Regarding the role of farm shares in this, I’d like to share this story.

    The Columbia Farmers Market has always been producer-only, but until recently there was a loophole for CSAs, as the rules were worded only that items “sold” at the market had to be produced by the seller, not necessarily “distributed”. Several CSAs took advantage of this by supplementing their shares with produce and other items purchased elsewhere, such as a produce auctions and elsewhere. Last winter a rule was proposed and discussed, in which it was made clear that CSAs distributing at market were held to the same standards as everyone else, i.e. everything in the share had to be grown/produced on that farm. This was passed almost unanimously, with the only real opposition coming from one CSA which used lots of purchased items in its shares, an operation which had previously been thrown out of another area farmers market for reselling produce against the rules.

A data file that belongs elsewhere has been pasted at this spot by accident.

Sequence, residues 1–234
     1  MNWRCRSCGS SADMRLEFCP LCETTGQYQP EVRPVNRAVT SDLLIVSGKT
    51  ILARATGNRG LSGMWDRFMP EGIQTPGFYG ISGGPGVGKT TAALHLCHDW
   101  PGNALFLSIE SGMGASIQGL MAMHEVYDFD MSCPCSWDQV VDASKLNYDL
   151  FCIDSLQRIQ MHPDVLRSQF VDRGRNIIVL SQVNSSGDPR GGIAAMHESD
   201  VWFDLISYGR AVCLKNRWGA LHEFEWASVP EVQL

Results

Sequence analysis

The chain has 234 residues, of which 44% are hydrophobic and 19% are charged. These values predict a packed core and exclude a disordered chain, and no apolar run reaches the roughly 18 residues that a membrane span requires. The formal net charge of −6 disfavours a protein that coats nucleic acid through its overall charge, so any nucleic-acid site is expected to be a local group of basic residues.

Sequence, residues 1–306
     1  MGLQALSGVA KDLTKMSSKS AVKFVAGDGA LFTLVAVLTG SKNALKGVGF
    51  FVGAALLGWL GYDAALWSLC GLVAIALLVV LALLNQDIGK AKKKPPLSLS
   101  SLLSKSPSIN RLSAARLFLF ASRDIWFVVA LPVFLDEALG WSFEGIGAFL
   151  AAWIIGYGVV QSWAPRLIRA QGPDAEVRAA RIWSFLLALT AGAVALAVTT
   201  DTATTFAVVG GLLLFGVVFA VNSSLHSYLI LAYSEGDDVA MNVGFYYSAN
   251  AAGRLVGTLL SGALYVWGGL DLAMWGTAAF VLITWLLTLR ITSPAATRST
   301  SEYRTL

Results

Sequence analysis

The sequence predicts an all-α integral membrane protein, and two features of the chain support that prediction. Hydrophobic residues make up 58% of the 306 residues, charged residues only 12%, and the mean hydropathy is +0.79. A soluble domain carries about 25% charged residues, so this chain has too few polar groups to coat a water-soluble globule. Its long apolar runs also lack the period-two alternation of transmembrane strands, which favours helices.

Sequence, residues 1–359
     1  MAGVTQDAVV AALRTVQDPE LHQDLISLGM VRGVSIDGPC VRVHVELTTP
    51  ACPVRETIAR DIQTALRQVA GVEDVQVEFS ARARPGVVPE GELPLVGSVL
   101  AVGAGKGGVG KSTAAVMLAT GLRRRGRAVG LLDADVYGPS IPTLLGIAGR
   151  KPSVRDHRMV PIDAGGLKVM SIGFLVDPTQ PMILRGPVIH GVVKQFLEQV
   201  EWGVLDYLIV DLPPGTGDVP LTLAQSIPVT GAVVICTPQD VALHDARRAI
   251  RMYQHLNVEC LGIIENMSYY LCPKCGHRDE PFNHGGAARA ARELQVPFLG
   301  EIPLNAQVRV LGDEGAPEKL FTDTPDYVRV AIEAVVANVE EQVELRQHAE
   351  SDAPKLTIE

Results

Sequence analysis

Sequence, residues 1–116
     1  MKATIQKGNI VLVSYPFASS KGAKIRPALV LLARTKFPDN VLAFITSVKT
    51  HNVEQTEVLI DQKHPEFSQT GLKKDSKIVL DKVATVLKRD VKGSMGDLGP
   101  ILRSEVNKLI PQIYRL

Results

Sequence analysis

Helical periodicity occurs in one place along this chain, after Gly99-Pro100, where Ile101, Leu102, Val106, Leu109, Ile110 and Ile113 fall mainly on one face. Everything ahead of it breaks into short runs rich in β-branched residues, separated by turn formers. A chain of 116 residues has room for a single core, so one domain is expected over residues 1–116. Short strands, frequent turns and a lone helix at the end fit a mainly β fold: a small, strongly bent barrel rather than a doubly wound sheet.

Not coincidentally, since that was passed in early 2010, that CSA has stopped distributing at market and moved its share distributions elsewhere. This CSA offers very broad selections of animal and produce items. Their marketing efforts imply that it is a one-farm operation, which is not at all the case (and if you read carefully you’ll see that). Their marketing also strongly implies a certain set of growing practices which are also not the case, given their sources in produce auctions and elsewhere. I’ve been to this place, and they’re not doing nearly as much as they imply they are.